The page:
The Titanic could have used chefs like these. The fire alarm is savaging their nervous system, and the whole building may be igniting like a christmas tree. None of the six chefs assembled here at Alexander's Three Penthouse Restaurant in Rosslyn would deny it.
But there's no getting out. It's 15 minutes till the Confrerie de la Chaine des Rostisseurs sits down to dinner, Egg yolks have to be brushed on the lamb with quick, thick fingers and an almost callous ease; thesnails need heating, the quails neeling cooling, and here comes Luigi Zara, chef at the Georgetown Club, shouting: "ah! ah! ah! ah!" It's a cry which combines "gangway!" with "Look on my works, ye mighty, and despair." The works are his pastrywrapped escargots, and ahhh, indeed. But who can taste food in this din?
Tha's what Le Figaro is for. Alexander's chef Jean Marie Robin selects only choice French newspaper as he clambers onto a counter and jams it behind the alarm, reducing it to a rattle before it shuts off entirely.
That's when it's obvious how quiet it is in this kitchen. Six head chefs in one room, six veterans of a craft in which the only things bigger than the tempers are the egos, but they're hushed as busboys.
"The are all afraid of each other" says Robert Greault, Proprietor/chef of Le Bagatelle. "And we cook separately, in our own kitchens, then we bring the food here to finish it. That way we don't fight."
Greault is responsible for the cheese and the sorbert tonight. The Iron Skillet's Alex Comninidis has cooked the quail, Felix Veirun of the Washington Hotel brough the pike mousse wsith lobster bits and lobster sauce. Le Provencal's Jacques Blanc ("By now you should know my name") has brough the entree, the pastry-wrapped lamb. Luigi Zara has contributed the vegetables and Michel Laudier of Rive Gauche has provided a pear charlotte.
"The memu is decided six weeks ago," says Blanc. "Then we draw from one of these hats (a toque , or chef's hat) to see who is cooking what."
They work tonight for philosophy, not money, plus the opinion of not only each other, but the Cchaine's 85: "We try to provide some happiness to manking. We screw up all Sunday for ourselves but we don't mind." Fifty years ago the 62 members of the Confrerie de La Chaine des Rotisseurs of Greater Washington might have joined lodges and secret societies instead: the Ancient Order of the Wombat and so on.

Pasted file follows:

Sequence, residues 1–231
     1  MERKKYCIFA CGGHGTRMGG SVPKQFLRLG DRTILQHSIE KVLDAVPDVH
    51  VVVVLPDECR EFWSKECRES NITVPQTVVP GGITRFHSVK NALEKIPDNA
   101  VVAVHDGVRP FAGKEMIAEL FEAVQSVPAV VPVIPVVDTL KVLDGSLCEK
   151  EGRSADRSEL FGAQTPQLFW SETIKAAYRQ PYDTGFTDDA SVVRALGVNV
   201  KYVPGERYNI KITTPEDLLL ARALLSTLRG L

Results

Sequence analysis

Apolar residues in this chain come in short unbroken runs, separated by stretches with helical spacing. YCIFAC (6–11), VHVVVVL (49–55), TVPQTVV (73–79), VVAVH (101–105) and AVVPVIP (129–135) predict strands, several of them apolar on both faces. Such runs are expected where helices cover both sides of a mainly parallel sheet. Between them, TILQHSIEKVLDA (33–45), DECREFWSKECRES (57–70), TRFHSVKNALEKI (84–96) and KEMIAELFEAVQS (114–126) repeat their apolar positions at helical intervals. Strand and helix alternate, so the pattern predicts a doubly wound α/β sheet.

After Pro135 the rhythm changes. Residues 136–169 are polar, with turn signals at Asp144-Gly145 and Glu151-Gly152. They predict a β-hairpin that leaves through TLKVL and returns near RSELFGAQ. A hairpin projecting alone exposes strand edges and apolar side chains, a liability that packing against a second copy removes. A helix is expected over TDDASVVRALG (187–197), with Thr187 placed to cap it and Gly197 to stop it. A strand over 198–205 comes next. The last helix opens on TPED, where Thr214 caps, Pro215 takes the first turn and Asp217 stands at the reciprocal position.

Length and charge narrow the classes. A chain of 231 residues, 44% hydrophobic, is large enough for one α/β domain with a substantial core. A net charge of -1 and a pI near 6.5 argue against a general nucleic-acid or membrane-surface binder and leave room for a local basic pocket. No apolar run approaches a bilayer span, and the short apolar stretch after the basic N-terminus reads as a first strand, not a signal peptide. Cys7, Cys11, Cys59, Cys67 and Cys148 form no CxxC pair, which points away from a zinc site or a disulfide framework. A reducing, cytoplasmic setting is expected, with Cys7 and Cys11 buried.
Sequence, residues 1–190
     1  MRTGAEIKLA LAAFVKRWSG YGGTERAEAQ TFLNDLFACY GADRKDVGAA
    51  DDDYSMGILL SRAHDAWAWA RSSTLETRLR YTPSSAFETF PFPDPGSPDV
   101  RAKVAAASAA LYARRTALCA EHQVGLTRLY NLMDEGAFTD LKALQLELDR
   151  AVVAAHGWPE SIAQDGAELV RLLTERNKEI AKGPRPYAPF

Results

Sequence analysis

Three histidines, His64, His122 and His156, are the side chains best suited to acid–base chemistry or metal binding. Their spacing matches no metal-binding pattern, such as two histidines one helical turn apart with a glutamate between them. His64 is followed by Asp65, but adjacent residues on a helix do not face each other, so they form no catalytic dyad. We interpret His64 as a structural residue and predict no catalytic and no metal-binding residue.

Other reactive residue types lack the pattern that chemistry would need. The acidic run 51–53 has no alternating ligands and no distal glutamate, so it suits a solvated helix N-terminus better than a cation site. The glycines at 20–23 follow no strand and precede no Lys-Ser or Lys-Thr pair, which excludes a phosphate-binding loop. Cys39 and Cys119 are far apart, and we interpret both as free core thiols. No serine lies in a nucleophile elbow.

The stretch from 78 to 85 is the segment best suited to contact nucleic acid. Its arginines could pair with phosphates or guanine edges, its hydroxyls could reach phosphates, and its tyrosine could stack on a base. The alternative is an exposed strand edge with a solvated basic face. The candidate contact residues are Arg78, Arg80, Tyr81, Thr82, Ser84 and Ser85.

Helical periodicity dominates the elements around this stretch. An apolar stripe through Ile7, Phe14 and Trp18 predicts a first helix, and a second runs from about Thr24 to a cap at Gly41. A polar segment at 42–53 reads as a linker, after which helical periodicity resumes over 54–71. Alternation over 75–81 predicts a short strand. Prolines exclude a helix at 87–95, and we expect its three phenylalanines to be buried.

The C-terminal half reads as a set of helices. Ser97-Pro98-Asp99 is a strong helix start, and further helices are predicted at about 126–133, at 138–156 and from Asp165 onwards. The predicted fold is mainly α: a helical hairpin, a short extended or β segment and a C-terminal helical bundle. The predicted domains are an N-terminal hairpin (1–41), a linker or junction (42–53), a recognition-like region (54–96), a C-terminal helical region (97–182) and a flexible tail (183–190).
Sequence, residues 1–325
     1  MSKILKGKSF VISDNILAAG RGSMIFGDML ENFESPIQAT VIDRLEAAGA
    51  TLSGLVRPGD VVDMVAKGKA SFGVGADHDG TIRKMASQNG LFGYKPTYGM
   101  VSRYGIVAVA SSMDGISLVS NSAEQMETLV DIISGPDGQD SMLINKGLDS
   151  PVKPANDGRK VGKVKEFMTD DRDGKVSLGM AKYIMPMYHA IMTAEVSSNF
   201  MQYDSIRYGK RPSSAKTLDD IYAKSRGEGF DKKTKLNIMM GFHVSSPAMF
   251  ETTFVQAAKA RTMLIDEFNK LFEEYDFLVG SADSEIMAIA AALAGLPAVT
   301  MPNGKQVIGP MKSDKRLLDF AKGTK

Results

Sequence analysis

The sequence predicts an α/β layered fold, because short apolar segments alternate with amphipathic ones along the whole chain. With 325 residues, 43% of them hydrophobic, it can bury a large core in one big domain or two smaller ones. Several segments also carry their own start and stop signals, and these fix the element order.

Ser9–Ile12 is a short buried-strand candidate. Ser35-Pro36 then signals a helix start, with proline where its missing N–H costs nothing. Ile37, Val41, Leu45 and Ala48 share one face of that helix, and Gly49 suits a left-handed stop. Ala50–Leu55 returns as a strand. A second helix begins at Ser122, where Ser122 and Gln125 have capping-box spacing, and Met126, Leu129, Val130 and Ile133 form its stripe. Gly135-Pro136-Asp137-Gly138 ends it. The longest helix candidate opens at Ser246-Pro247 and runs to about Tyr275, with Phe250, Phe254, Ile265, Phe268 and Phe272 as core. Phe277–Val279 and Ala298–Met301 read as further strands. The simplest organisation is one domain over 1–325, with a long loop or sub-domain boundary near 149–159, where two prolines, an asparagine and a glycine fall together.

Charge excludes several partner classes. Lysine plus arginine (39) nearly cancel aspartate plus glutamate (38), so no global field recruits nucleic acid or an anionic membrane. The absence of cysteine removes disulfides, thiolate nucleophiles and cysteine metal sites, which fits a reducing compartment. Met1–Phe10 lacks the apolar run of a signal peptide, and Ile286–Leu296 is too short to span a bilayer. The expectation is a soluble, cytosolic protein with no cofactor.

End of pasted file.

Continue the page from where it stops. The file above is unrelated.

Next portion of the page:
At meetings they'd have gotten to wear ceremonial ribbons, chains and badges such as the ones they're decked in tonight, as proud as Jay Gatsby with his medal from little Montenegro. They'd know the difference between 32 different rankings of members, and the'd have made some portentous vow-in the Chaine's case it reads: "I solemnly pledge that whenever possible, meat will either grilled or roasted." And they'd boast of a lineage almost as ancient and tenous as the Rosicrucians." Sure enough, the Chaine traces its founding to 1248 in Paris, with chapters in nearly 80 countries.
"There was a break, but it was reorganized in 1950," says Norman Larsen, manager of the Georgetown Club. In orange and purple ribbon over obligatory tuxedo, he sits with his back to a view of all Washington while he watches the waiters distribute the first course, the could quails: La Caille de Mississippie en Belle Vue.
"You may have noticed that we have no salt or pepper on the table, that no one is smoking in the entire room, and that no one has a glass of water, only wine. Actually, we make an exception for Luigi Zara because he's diabetic and his doctor won't let him drink wine, so he drinks Perrier. But no one else." The firs twine is a Mendocino Riesling, 1977, clear and cold. The quails are stuffed with wild rice and pine nuts. Topping each is a head sculpted from pate, with truffles forming the pupils of the eyes. Down the table, Francis Layrle, chef at the French Embassy, cuts his quail with exquisite speculation, as if he were about to file it, not swallow it. Next to him, Jerry Abramson, chef and owner at Brookd Farm, has galloped ahead. "The foie gras gave me a beautiful ending," he says.